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Words from the Very Pen of Jim Morrison Himself - AUM Magazine 1969

Film confers a kind of spurious eternity. 

Jim Morrison
Observations, comments, and pithy remarks excepted from Jim's book The Lords, printed this spring- about 200 copies for his friends, he says,  There will also be a simultaneous private printing of Morrison poems; the fourth Doors album; a screenplay he's writing in collaboration with poet Michael McClure; a movie he wants to make based on a story he wrote about a hitchhiker turned mass murderer; and whatever plays he writes in the theatre he's trying to find/rent. (But what has he done lately?)
 
The appeal of cinema lies in the fear of death.
 
Strange, fertile correspondences the alchemists sensed in unlikely orders of being.  Between men and planets, plants and gestures, words and weather. These disturbing connections: an infant's cry and the stroke of silk; the whorl of an ear and an appearance of dogs in the yard; a woman's heard lowered in sleep and the morning dance of cannibals, these are conjunctions which transcend the sterile signal of any "willed" montage.  These juxtapositions of objects, sounds, actions, colors, weapons, wounds, and odors shine in an unheard way, impossible ways.
 
Film is nothing when not an illumination of this chain of being which makes a needle poised in flesh call up explosions in a foreign capital.
 
Film confers a kind of spurious eternity. 
 
Phantasmagoria, magic-lantern shows, spectacles without substance.  They achieved complete sensory experiences through noise, incense, lighting, water.  There may be a time when we'll attend Weather Theatres to recall the sensation of rain. 
 
Cinema is most totalitarian of the arts.  All energy and sensation is sucked into the skull, a cerebral erection, skull bloated with blood.  Caligula wished a single neck for all his subjects that he could behead a kingdom with one blow.  Cinema is this transforming agent.  The body exists for the snake of the eyes; it becomes a dry stalk to support these two soft insatiable jewels.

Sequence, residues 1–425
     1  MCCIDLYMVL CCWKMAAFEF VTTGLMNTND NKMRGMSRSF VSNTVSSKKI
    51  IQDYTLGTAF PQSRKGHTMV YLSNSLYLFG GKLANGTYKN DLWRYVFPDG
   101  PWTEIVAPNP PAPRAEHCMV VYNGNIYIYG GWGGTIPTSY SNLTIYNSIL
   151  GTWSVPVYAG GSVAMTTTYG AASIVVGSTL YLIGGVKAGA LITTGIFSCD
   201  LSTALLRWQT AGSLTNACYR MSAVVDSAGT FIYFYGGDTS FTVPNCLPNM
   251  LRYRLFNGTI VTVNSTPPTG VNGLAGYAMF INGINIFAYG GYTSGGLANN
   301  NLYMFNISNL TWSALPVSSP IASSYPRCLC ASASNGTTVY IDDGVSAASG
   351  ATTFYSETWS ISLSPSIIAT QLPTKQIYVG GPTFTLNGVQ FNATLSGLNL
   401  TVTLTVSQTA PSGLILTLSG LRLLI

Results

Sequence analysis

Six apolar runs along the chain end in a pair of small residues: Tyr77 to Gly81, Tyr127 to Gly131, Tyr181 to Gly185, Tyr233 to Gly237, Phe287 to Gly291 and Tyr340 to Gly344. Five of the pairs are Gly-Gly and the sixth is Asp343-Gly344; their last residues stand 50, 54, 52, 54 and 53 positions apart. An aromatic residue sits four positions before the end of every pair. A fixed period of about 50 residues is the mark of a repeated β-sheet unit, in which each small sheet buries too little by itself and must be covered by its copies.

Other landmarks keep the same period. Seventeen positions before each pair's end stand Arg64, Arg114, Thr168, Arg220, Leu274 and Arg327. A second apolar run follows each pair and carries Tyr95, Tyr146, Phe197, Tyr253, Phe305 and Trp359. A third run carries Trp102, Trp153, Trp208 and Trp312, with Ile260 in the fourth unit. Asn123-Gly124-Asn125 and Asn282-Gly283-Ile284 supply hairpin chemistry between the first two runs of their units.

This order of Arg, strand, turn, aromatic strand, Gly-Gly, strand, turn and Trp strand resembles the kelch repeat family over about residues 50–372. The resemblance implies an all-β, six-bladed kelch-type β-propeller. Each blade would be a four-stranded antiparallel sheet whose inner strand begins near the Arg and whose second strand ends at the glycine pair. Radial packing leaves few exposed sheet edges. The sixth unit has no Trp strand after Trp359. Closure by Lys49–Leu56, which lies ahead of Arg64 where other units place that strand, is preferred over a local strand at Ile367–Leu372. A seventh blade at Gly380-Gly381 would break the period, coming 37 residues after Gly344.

Today the doors of all projection booths are made of steel.
 
Does the theatre keep out light or keep in darkness?
 
The happening/the event in which ether is introduced into a roomful of people through air vents makes the chemical an actor.  Its agent, or injector, is an artist showman who creates a performance to witness himself.  The people consider themselves audience, while they perform for each other, and the gas acts out poems of its own through the medium of the human body.  This approaches the psychology of the orgy while remaining in the realm f the Game and its infinite permutations. 
 
The aim of the happening to take cure boredom, wash the eyes, make child-like reconnections with the stream of life.  Its lowest, widest aim is for purgation of perception.  This happening attempts to engage all the senses, the total organism, and achieve total response in the face of traditional arts which focus on narrower inlets of sensation.
 
Multi-medias are invariably sad comedies.  They work as a kind of colorful group therapy, a woeful mating of actors and viewers, a mutual semi-masturbation.  The performers seem to need their audience and the spectators- the spectators would find these same mild titillations in a freak show of Fun Fair and fancier, more complete amusements in a Mexican cathouse. 
 
Films are collections of dead pictures which are given artificial insemination.
 
It is wrong to assume that art needs the spectator in order to be.  The films runs on without any eyes.  The spectator cannot exist without it.  It insures his existence.
 
Film spectators are quiet vampires.
 
The city forms,- often physically, but inevitably psychically- a circle.  A game.  A ring of death with sex as its center.  Drive toward outskirts of city suburbs.  At the edge discover zones of sophisticated vice and boredom, child prostitution.  But in the grimy ring immediately surrounding the daylight business district exists the only real crowd life of our mound, the only street life, night life.  Diseased specimens in dollar hotels, low boarding houses, bars, pawn shops, burlesques and brothels, in dying arcades which never die, in streets and streets of all-night cinemas.
 
The Lords appease us with images.  They give us books, concerts, galleries, shows, cinemas.  Especially the cinemas.  Through art they confuse us and blind us to our enslavement.  Art adorns our prison walls, keeps us silent and diverted and indifferent. 
 
There are no longer "dancers," the possessed.  The cleavage of men into actor and spectators is the central fact of our time.  We are obsessed with heroes who live for us and whom we punish.  If all the radios and televisions were deprived of their sources of power, all books and paintings burned tomorrow, all shows and cinemas closed, all the arts of vicarious existence…
 
"Words from the Very Pen of Jim Morrison Himself " Originally Appeared in AUM Magazine, May, 1969
AUM Magazine was originally known as TeenSet Magazine, which was one of the most popular U.S. music magazines of the 60s. By the year 1967, it had grown into a thoughtful, well-written publication with a nice balance of hippir idealism and teen fan enthusiasm. TeenSet ("The nifty music magazine with the misleading name") changed it's orientation and name to Aum (America's Underthirty Magazine) in April 1969. The last issue under the old name in March was titled with question mark –TeenSet ? – to denote this coming change. 
 
Illustration by - Eve Babitz
 

In this Article

Film confers a kind of spurious eternity. 

Jim Morrison

In this Article

The Soft Parade
Release Date: 
Friday, July 18, 1969 (All day)

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